What makes a geek? Well, according to IMS contributor Rachel Jones, a geek is “passionate, knowledgeable, wanting to convey that to the children in our classrooms. A liking for sci-fi optional.” Here, we take that enthusiasm and look at 30 superb tweeters who either identify as “geeky” or meet this loose, celebratory criteria. Senses of humour and bon mots abound. Note: This list was assembled by Innovate My School and external recommendations. It is by no means a ‘best-of’, and is in no particular order.
Twitter is not just for the teacher, or even the school department. Schools can gain lots from having their own whole school account. There are many ways in which you can use it too. From reporting on whole school issues, passing out messages about snow days and much more, there are very compelling reasons as to why you would want to be a ‘tweeting school’. There are a fair amount of tweeting headteachers too, but this article will be looking solely at schools.
In case it’s slipped you by, Twitter is a social media service that allows messages of 140 characters or less to be sent out into the ‘Twittersphere’ for sharing. Like many social media you can follow people, organisations, brands, events on Twitter to see the tweets that they write and find out information and read content that they want to share. Personally, I use Twitter to interact with other educators and find it an invaluable PD tool. When I am using it as a tool for my department however I use it in a completely different way.
As discussed in Cazzypot’s article on teacher-blogging from earlier this year, teachers are often very active in their communities. Twitter plays a huge part in this; here, Mark ‘@ICTEvangelist’ Anderson explains why he considers tweeting to be a crucial part of being a modern teacher.
That’s right - I’m that teacher in your staffroom talking about people, not by their first names, but by their Twitter handles. Have you seen @headguruteacher’s latest blog post on assessment? Yes, I simply loved his Pedagogy postcards. Such a brilliant collection of advice from him. What? That post about Christmas term and how you can make it to the end of term whilst still capturing the magic of Christmas…? So positive and full of great advice - let’s make it so we get the best out of all our community in the run up to Christmas. How can we do that?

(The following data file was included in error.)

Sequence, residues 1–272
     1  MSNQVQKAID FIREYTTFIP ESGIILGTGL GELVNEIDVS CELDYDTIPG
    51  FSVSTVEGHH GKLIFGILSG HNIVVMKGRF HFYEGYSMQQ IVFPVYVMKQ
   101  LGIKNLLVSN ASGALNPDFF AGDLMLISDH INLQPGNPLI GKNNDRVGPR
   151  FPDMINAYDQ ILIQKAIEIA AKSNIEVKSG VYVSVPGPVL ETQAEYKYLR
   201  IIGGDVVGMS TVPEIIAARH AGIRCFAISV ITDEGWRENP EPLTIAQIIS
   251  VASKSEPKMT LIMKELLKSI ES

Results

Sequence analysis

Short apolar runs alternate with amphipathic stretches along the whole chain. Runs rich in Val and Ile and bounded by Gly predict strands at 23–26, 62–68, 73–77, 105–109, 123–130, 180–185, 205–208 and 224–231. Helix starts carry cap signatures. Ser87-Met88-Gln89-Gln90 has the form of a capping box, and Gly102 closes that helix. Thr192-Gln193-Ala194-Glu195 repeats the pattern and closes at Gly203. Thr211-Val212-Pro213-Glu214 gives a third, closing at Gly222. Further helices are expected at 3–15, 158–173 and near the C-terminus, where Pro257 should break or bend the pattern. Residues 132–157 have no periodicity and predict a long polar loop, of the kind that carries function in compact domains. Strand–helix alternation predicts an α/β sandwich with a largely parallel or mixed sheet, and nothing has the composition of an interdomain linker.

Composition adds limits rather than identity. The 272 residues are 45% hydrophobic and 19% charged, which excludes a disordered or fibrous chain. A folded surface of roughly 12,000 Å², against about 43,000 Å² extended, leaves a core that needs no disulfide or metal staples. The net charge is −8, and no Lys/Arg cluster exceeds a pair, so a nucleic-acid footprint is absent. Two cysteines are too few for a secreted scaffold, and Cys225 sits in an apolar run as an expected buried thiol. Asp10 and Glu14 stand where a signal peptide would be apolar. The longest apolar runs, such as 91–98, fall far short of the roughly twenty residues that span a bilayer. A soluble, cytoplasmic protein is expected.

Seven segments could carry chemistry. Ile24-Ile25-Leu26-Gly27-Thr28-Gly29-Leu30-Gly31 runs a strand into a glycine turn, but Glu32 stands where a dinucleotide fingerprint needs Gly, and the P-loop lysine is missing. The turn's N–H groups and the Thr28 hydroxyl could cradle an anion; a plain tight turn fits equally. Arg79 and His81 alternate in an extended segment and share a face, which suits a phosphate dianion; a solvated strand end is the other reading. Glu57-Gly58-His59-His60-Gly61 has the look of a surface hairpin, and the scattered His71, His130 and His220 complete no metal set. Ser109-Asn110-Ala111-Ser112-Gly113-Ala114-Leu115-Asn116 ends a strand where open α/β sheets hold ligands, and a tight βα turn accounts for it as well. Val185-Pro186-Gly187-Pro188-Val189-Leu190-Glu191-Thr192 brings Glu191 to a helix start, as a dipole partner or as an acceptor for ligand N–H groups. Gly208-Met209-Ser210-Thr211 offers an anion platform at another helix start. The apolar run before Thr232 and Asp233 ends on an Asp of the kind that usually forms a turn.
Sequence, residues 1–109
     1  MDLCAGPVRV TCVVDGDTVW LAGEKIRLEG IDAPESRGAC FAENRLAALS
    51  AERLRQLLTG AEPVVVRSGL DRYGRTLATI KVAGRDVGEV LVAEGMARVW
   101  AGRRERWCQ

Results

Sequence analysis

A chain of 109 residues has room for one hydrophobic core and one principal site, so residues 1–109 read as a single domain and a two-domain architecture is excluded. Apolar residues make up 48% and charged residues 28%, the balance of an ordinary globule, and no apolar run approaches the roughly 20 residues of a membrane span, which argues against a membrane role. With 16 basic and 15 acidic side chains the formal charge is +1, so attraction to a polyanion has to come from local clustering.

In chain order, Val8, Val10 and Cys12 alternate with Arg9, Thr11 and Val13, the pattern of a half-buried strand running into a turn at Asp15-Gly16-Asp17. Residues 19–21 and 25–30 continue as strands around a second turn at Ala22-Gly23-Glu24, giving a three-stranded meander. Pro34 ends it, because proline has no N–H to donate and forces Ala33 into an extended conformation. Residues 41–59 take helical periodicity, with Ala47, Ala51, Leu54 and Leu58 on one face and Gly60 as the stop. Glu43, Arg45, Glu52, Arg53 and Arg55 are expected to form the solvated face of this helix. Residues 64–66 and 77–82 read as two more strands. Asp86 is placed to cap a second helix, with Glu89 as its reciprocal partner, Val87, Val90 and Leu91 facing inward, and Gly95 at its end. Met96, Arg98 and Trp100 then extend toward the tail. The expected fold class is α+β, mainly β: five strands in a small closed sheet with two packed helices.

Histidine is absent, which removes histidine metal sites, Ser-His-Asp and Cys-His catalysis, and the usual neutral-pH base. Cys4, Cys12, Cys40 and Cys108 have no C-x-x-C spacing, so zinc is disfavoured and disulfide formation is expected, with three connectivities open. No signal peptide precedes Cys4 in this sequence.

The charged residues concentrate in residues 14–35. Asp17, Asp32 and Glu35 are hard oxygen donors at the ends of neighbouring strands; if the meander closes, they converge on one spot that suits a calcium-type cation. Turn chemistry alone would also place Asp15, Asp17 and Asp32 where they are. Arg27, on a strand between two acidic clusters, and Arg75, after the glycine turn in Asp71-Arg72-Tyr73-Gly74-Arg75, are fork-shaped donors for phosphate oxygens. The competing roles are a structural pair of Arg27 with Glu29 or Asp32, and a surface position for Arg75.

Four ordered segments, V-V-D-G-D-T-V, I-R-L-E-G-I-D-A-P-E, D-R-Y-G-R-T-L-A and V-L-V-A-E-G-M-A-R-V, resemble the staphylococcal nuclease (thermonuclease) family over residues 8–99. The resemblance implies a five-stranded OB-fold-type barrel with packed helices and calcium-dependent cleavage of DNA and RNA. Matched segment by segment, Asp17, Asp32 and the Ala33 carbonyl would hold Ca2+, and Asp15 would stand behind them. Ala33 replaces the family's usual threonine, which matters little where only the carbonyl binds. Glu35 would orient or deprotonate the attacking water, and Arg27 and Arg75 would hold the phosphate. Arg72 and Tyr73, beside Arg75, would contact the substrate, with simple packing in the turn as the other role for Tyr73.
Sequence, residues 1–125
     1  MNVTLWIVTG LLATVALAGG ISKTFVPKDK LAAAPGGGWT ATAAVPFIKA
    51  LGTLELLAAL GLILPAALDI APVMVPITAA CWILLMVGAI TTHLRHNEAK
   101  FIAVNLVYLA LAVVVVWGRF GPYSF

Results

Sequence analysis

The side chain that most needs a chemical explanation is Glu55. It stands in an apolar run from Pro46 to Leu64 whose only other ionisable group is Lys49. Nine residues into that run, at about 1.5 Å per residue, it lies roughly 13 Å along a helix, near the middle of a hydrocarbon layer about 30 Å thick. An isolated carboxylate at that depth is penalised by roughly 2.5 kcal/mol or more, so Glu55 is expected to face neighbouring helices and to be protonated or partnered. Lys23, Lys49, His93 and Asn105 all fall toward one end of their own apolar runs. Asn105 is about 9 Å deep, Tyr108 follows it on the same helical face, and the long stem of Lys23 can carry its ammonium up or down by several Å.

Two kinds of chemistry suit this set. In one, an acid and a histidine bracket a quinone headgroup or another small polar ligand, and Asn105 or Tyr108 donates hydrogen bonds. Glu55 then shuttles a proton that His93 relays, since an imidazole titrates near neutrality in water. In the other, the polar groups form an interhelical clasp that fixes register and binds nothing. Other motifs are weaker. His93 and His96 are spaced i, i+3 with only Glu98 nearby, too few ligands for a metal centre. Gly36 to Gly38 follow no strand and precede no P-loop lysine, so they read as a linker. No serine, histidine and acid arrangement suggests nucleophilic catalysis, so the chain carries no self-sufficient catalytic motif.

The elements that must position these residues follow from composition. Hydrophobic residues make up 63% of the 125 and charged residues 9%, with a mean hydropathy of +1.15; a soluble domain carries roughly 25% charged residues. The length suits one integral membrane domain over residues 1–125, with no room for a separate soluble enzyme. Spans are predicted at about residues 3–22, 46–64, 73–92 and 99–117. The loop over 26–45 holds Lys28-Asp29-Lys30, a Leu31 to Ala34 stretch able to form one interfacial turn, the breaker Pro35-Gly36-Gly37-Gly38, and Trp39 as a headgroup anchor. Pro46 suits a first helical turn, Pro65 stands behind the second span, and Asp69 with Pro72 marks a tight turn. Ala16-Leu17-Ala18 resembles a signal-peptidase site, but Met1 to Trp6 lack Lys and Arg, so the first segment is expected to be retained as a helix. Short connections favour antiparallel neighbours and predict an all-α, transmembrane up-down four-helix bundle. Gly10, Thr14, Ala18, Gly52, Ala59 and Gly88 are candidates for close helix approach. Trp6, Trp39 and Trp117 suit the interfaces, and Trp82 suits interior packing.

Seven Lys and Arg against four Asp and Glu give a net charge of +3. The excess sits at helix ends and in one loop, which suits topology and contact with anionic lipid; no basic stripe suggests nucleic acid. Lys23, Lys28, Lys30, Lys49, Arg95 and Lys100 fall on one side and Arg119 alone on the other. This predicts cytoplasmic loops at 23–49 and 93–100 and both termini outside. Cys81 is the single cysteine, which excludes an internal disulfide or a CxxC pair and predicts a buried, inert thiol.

Twitter is an indispensable aspect of many people’s working lives. As such, it’s good to know whom to follow. A follow-up to April’s 30 great British education-innovators to follow on Twitter article, here are 30 more suggested educators to follow!
This is a list of 30 recommended education-oriented Twitter feeds. Note: this is by no means a ‘best-of’, and the order is unimportant. The list is comprised of suggestions from the public and our own choices.
One pleasing outcome of Innovate My School’s ‘30 great British education-innovators to follow on Twitter’ article was that it got some of our followers talking about the use of Twitter by educators. Sue Dixon of Thinking Child is particularly interested in the different kind of tweeters that education offers. While it’s a humorous topic, it’s interesting to examine the different characters to whom we’re all now accustomed.
Twitter is a relatively new concept but it is a social media platform that the world of education has massively embraced. And you can see why; there are obvious advantages to being able to connect with so many other people from the same sphere as you; swapping ideas in real time, catching up on latest news and theories etc.
Here are thirty education specialists, mostly recommended by followers of Innovate My School. This isn’t meant to be seen as a conclusive / top list, or a ‘best of'; these are just 30 people from whom you can gather wonderfully innovative ideas.
[Given the huge amount of suggestions from our followers, this article will be the first of several. Please do keep suggestions coming, British or not!]
There are many potential benefits of using social media in the classroom: it can improve your relationship with pupils, and inspire them to spend more time on their work. Before setting up a Facebook or Twitter account, however, significant preparation is required. Here are my top 5 tips:
This is essential if you are going to convince your school that using social media in education is a good idea. Why do you want to use social media? Is it primarily for teaching and learning, or communicating with students, parents or even the public?
In order to get an idea whether your use of social media has worked you will need to decide what your aims and objectives are, and assess how well these have been met later on. If you’re stuck, do some research on how other schools have used social networks. You could also check educational blogs and ask some questions on Twitter.